Discalced Carmelite Friars

Province of St. Thérèse

Abraham Heschel
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cornfields
creation
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“From the abundance of his spirit [the poet] pours out secrets and mysteries rather than rational explanation” (Prologue, The Spiritual Canticle).

“In contemplation God teaches the soul very quietly and secretly, without its knowing how, without the sound of words” (Chapter 39, The Spiritual Canticle).

In the spirit of St. John of the Cross, this blog reflects on the contemplative experience and the poetic experience, sometimes separately and distinctly, sometimes in common, as mutually enlightening.

I will also post to this blog, from time to time, my own poetry, with a short interpretive note attached.

~ Fr. Bonaventure Sauer, OCD

Conjuring Up the Eternal – Part 4 of 7


IV.

Otherworldliness

For long years, or so the Anchoress confessed,
The sooty black bricks of night encased her on
Every side.  And yellow smoke rose like incense

Each morning.  "One would think I lived
In a chimney," she sighed.  Yet the smell of peas
And carrots, of beans simmering in a pot,

Spiraled slowly upward on invisible wings,
While the pulp she squeezed from meaty apples
Merited the name she gave it, "earth's own chrism."

*

Barren mountains hovered in the distance,
And sharp winds, swirling about nearby,
Rattled the rickety slats of the door to

Her cell, or so the Hermitess remarked.
Fields and farms and dense woods fled
From view, far beyond all thought of

Turning back until spring should arrive.
There, far away, dressed in white, they became
The stuff of dreams.  At day's end an angel

Knelt beside her, bearing in his blood
The red embers of God's mercy.  "He's come
To stoke my tired heart into a flame."

*

The Beguine knew that she should live among
Her kind.  "Only then," she declared,  "can I
Rest well and rise early, do my chores with

Steady hand and keen eye."  "A carpet of tall grass
Rolls down the hillside and spreads out around,
Gracing the valley with its green waves," the

Foundress wrote in her diary.  "It's an ideal spot."
Thus, some years later her Spiritual Daughter
Realized that she could still smell the sea here,

Wrapped in its cloak of summer air.  "Our remedy
Is adoration," the Visitandine opined as the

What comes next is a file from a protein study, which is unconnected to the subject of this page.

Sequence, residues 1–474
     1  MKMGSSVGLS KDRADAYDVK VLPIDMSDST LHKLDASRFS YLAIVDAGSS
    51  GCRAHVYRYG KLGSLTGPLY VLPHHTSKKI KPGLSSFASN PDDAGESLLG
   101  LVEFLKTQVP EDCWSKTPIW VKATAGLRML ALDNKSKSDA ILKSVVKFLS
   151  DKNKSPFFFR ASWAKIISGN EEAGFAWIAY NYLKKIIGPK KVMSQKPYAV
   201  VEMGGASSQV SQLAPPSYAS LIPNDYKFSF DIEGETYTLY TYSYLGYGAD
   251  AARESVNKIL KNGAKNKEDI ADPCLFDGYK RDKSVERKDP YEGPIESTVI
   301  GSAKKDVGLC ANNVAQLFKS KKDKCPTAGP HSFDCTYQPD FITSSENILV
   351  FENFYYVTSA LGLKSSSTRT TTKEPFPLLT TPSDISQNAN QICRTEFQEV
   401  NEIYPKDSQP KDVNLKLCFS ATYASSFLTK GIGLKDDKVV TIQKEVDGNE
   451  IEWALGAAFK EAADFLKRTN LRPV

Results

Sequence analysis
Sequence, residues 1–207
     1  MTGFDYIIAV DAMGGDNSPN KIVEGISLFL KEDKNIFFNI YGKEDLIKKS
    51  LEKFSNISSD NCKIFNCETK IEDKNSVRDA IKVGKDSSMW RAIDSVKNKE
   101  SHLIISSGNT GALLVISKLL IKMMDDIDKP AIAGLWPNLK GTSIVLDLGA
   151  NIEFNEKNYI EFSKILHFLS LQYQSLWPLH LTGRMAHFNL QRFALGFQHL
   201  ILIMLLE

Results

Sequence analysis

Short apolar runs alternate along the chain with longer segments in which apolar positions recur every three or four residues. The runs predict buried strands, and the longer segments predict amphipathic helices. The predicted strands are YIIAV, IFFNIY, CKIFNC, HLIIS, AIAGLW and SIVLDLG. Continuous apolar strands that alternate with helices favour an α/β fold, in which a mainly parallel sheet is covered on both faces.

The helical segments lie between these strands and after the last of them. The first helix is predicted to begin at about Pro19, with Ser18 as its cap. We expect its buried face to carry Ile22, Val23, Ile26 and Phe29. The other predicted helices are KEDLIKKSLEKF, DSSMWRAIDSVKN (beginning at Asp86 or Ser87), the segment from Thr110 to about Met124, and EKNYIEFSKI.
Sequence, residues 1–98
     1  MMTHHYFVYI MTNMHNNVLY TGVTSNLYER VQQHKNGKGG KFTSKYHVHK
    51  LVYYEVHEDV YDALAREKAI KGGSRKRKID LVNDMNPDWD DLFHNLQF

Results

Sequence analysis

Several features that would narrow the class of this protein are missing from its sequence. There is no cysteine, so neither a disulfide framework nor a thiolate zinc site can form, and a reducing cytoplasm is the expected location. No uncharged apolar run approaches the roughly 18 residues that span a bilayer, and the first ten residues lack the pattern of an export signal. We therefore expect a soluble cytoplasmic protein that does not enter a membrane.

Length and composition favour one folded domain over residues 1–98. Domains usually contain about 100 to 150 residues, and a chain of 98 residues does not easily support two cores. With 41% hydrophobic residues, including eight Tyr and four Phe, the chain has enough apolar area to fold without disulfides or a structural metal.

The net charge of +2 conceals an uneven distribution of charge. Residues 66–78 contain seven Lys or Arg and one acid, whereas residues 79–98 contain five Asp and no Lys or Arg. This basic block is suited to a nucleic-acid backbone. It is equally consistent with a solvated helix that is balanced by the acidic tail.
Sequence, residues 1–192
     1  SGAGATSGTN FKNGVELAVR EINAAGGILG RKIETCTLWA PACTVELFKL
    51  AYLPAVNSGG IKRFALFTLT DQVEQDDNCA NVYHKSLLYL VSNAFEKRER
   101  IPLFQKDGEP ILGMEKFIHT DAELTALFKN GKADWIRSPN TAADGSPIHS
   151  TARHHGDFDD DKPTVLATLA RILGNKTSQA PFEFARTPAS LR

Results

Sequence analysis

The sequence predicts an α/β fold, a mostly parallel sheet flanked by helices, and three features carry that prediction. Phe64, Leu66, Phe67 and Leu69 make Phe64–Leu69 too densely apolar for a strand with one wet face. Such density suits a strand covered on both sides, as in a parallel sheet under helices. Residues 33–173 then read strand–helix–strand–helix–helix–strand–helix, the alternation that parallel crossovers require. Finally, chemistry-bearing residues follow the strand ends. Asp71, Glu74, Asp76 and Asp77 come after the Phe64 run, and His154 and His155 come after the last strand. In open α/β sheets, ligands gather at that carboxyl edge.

Wee hours of the morning crept by silent as

A ghost, its veil of flickering shadows shielding
Her Lord's sad eyes from the stabbing candlelight.

***

The poem is straightforward enough.  It moves from one to another of various figures, each of whom leads a life "in the world, but not of the world."  Yet each remains very grounded in the feel and texture of life--in the taste of apple cider, in the sound of the winter wind, in rest and work, the beauty of green grass, the flicker of candlelight.  It is an earthy kind of otherworldliness.

How do you yourself strive to keep a certain distance from the world, practicing what Carmelites call detachment?  Yet how, through prayer and simplicity of life, do you remain immersed in the brute fact of God's creation?


Written by Fr. Bonaventure Sauer, OCD
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Conjuring Up the Eternal – Part 3 of 7


III.

Speaking of Death

Into the box of the black-eyed menace I go,
Its coffin lid, like heaven itself, slammed shut.
Steep cliffs loom large at each of its four walls
Where vultures wait their turn in silence.

I nod off.  Who knows whether, if I say
I've come here seeking life and wisdom,
With these gifts, or with neither, or with some
Kind of hellish madness, I will return?  No
Matter.  I follow the rolling edge of nightfall.

*

"We've waited an hour to hear your footsteps
Approaching on the wet grass; and now
Look at you," exclaimed the guardians at
Heaven's gate, "showing up like this, downtrodden
And dirty, traipsing in with mud on your boots,

Trailing it across the lawn."  It's a choice spot,
This patch of St. Augustine grass, like a foam pillow
From which to wander off into dream and fill
The mind with its own clink-clank of loose change,
As if it were a tin cup.  Above me leaves rattle

While the dream begins to inch out onto the
White surface of my soul.  Amazing, everywhere
I see unbroken blue sky as I sail along home,
No longer feeling like a marooned, motherless soul.
It was my hope all along to go to a place where

Longing's become both joy and love joined as one,
A great bell unfurling its most resonant tone
In a wide echo that's everywhere overhung
With the Spirit's gently prodding, protective care.

*

It doesn't matter that my body is now made
Of straw, my torso packed tight into a flannel shirt,
As if I'd donned an outer skin of fur.  But
With the Spirit so near, I have no need

To surrender myself to the wind, letting it
Scatter me across the landscape, off into
The realm of nature's brute noises, its grunts
And growls and nervously lowing cattle.

Emptiness of body is no longer entertained,
Not anymore, for there is, in the steady,
Breath-like rhythm of my soul, an inner weight
Upholding me.  Death is now wakefulness, in which
I see that I'm not alone, that I never have been.

***


The movements of this poem are perhaps straightforward enough, although the imagery is a bit whimsical.  I guess the two questions I would ask are:  Do you find the poem's images for death, and for what awaits us after death, expressive, playful, simply different, peculiar, or unusual?  Which image especially stands out to you, works for you, or seems potentially memorable?


Written by Fr. Bonaventure Sauer, OCD
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Conjuring Up the Eternal – Part 2 of 7

New Day

II.

New Day, New Life

It was in the sky that the event occurred.  A sound
Like that of buffalo stampeding over stone pavement
Was shaken into life by the steady hammering
Of a wet wind pressing in over stormy seas.  Behemoth